Last night a James Joyce saved my life

Posted on February 17, 2013


Enough is medicine, too much poison – Burmese proverb

burma-road-april09Before getting into Pascal Khoo Thwe’s From the Land of Green Ghosts, I’d like to take a small, reasonably relevant detour.  If you don’t fancy going round the houses, no matter how picturesque, skip to the next paragraph where we rejoin the path.    Like most families mine has its stories. How much of these is truth, and how much exaggeration or myth is hard to say, but although unverifiable in most cases, they have become part of the truth of who we are now, so perhaps it doesn’t matter.  I had three uncles. On my Dad’s side, Uncle Jack.[1] On my Mum’s, Uncle Joe (named after Jesus’s step-dad) and Uncle Terry (named after the Irish revolutionary Terence MacSwiney).  True to their names, Joe was slated to become a priest, Terry a hell-raiser.  Then WWII started.  Uncle Jack joined the RAF but was kicked out due to bad lungs and sent off to the Army (they’re not so fussy apparently). Uncle Joe joined the Border Regiment as a wireless operator (he didn’t want to kill anyone unless absolutely necessary). Uncle Terry joined the Navy.   Uncle Jack’s first job in the army was to take up the turf of the quads at Cambridge University to put in storage for the duration. I’m not sure this is true or, if it is, why the sacred sod was stored. Maybe the revered rectangles were used for growing vegetables.  Having completed this important task, he was shipped off to Egypt where the worst he suffered was a mild outbreak of prickly heat and the long attrition of boredom.  Uncle Terry meanwhile, was on a ship which, so family legend has it, sunk a U-boat. Maybe all families have a U-boat sinking uncle. The only injury Terry suffered through the whole of the War was losing his front teeth, knocked out by the ship’s bell when he was drunk. The only thing worth mentioning about this is that his front teeth grew back, so he didn’t lose them for very long.  Then there was Uncle Joe.  Pacifistic, predilicted-prelate, Joe.  He was sent to Burma.  The Border Regiment in which he served were subsumed in 1941 by the 48th Indian Infantry Brigade which consisted of Indians, Gurkhas, and Burmese, and saw some of the worst fighting.  I wonder what a 19 year old lad from Lancashire made of all this.  We will never know.  The telegram saying Joe was dead arrived after the war had ended in Europe.  When my grandmother died aged 84, we found the telegram in her handbag. She must have carried it with her all those years. It was clear that it had been read more than once.  Later, when my Mum visited the regiment, she was told that Joe had been walking, alone, along a road in the sunshine and was picked off by a retreating sniper.  At some point, I would like to walk that same road, with the sun on my face, and visit his grave.[2]  Everyone should have someone to wave them off. [3]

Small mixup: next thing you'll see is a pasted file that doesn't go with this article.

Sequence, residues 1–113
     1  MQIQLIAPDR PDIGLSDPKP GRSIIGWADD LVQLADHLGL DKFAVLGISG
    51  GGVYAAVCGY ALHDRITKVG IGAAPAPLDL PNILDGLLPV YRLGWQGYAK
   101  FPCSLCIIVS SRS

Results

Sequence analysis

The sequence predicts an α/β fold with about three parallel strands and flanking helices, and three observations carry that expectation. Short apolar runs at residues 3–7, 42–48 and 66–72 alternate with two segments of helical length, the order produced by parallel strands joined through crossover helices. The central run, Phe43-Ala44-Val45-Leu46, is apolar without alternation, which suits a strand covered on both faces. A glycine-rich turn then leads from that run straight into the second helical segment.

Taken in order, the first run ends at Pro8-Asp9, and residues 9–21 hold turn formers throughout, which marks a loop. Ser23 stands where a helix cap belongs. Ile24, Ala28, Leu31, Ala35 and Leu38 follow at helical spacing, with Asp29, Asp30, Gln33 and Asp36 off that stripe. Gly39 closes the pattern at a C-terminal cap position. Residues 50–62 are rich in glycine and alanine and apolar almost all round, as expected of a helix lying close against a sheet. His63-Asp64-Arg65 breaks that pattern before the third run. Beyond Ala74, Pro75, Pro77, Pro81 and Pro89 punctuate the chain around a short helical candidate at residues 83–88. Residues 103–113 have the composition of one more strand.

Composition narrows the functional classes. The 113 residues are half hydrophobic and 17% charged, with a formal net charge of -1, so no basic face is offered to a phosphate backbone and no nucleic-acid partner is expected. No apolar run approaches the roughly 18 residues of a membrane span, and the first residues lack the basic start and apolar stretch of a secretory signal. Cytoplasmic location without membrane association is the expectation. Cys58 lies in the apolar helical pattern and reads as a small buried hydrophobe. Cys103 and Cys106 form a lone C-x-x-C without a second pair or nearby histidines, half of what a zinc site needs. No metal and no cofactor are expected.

So, if you’ve stuck with me thus far, well done. If you’ve rejoined us here, welcome.  Back to Burma and Pascal Khoo Thwe’s From the Land of Green Ghosts.   This is an account of the life of Khoo Thwe from a boyhood in a remote, catholic village in the Burmese hills, through a brief stint in a seminary, university in Mandalay, student agitation, flight into the jungle towards the Thai border, and fighting alongside the Karenni rebels against the regime.  If, like me, your only view of the struggle for democracy in Burma has been through the prism of Western media interest in Aung San Suu Kyi, Khoo Thwe’s book offers new perspectives on the same fight, together with poignant descriptions of the loss, boredom, and depression that are a inescapable part of war.   Above all, he exposes the randomness of life – one fighter gets hit by a grenade that doesn’t explode, another stands on a landmine.  Khoo Thwe himself faces multiple bouts of malaria and faces down a tiger.  But perhaps the greatest example of randomness is the reason that his story can be told at all.  It all starts with his unlikely love of James Joyce.   Which, as they say, makes him a better (hu)man than I, Gunga Din.